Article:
Balancing the good and the bad bacteria

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A balancing act of good and bad!

Life is a balancing act in so many ways and this also extends to the balance of life inside our gut. We are basically walking bacteria – we have 20% more bacteria in our body than our own living cells and within this bacterial colony there are hundreds, if not thousands, of different types. Balancing the ‘good’ with the ‘bad’ is important to our health but we need to ensure that the ‘good’ ones outnumber the ‘bad’ ones by about 85%.

Most of us are only really aware of the significance of ‘good’ or ‘friendly’ gut bacteria through the advertising campaigns for an array of odd shaped little pots of yoghurt which, when drunk, make you skip along the street full of energy. So why has the retail and the medical world suddenly woken up to the health benefits of consuming probiotics to maintain our gut bacteria, or to use the more scientific name, our intestinal microflora.

Our gut microflora are acquired at birth. The adult colonisation pattern of bacteria is initiated at weaning and is highly individualised, influenced by diet, age, health, socio-economic status and antibiotic usage.

Friends or foe!

There should be a harmonious coexistence between us and these gut microflora. They do many health promoting jobs for us such as:

  • Supporting our immune system
  • Assisting digestion, absorption and bowel motility.
  • Synthesizing vitamins B and K
  • Controlling intestinal acid levels
  • Reducing bad cholesterol
  • Synthesizing and supporting digestive enzymes
  • Assisting in the adsorption of calcium and other minerals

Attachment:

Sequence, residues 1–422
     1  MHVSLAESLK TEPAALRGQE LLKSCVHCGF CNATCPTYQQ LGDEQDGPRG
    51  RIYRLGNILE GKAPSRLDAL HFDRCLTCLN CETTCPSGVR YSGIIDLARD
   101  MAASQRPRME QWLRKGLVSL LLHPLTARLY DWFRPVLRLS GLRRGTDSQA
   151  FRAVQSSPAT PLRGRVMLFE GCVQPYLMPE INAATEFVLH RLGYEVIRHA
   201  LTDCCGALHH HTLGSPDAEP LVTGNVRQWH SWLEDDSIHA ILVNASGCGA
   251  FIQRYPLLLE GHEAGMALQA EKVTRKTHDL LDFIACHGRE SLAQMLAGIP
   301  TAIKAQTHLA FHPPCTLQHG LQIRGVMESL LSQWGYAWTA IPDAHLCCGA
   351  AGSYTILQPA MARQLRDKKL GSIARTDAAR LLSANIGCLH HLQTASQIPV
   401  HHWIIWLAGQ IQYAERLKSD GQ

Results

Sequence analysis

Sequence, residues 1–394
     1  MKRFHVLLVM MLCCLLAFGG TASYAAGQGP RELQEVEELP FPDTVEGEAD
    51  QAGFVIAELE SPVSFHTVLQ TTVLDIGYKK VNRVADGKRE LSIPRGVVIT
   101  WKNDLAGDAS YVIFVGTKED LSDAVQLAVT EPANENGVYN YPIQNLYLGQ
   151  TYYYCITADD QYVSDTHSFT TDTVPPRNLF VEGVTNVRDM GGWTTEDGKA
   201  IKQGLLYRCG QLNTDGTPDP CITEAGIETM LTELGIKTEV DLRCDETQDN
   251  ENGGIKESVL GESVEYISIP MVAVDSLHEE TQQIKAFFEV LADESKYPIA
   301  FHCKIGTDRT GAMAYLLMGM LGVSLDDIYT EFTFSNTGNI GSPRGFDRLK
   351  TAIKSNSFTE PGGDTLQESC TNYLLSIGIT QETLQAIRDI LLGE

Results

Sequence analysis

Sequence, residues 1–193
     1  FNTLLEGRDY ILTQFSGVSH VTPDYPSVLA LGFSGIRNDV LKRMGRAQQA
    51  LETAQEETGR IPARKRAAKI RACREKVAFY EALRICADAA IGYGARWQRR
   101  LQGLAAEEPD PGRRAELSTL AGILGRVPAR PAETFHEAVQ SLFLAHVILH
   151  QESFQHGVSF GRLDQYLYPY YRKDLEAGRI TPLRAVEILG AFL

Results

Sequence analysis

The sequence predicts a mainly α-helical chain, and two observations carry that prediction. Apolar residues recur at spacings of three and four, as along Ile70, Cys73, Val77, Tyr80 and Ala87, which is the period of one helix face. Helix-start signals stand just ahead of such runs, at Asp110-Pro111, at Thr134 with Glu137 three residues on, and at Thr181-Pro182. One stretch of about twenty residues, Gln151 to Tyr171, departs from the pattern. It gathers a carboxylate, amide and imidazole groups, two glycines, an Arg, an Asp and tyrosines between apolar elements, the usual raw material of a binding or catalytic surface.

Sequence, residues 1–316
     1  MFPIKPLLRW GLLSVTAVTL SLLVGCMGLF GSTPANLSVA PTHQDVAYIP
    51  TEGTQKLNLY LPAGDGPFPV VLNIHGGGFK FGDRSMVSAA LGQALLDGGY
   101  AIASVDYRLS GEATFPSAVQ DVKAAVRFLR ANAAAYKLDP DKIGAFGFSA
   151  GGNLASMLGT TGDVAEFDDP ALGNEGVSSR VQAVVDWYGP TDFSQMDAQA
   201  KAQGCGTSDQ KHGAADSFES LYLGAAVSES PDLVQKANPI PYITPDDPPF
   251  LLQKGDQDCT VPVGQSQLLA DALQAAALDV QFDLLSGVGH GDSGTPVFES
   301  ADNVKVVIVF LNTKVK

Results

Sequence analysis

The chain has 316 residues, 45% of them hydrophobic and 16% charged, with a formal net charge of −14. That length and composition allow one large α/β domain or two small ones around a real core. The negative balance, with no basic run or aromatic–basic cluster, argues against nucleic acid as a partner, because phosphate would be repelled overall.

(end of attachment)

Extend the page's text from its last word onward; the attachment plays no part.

Unfortunately not all bacteria are beneficial and when the ‘bad’ ones get a hold, health imbalances and disease can follow. However there is much that we can do through our diet to keep these bad little blighters at bay!

Top up the friendly ones!

Of the hundreds of strains of potentially beneficial bacteria, the lactic acid bacteria, Lactobacilli and Bifidobacteria have been the most studied with proven health benefits.

Live or probiotic yoghurt is one of the most ready sources of these bacteria. It is made by fermenting milk with lactic acid bacteria. In most of the JRB weekly ingredient deliveries, yoghurt will be on the menu and we always send good quality organic probiotic yoghurt. Cooking with the yoghurt will kill off the bacteria but using it, as we so often do, as a dressing or dip is a great way of getting more of this healthy yoghurt into your diet. It is a particularly good way to encourage children to eat an unsweetened version too. Many fruit yoghurts might be ‘live’ but they contain high levels of sugar, so not so good!

Whilst yoghurt is the most familiar to us, other fermented foods such as sauerkraut, miso, naturally fermented pickles and blue cheese can be valuable as sources of probiotics.

Probiotic supplements are available too and can be useful, particularly after taking a course of antibiotics when a large number of bacteria are needed to replenish the gut.

Feed them well!

Some foods are known as prebiotics and they are the preferred fuel source for our beneficial bacteria. A diet rich in prebiotics is an excellent way of encouraging the growth of these friends. Prebiotic fibre, often known as FOS (fructooligosaccharide), is an insoluble fibre that is resistant to our digestive enzymes but gets broken down by our beneficial bacteria in our colon. FOS rich foods are:

  • Jerusalem artichokes
  • Leeks
  • Onions
  • Beans, peas, lentils
  • Wholegrain wheat
  • Oats
  • Asparagus
  • Bananas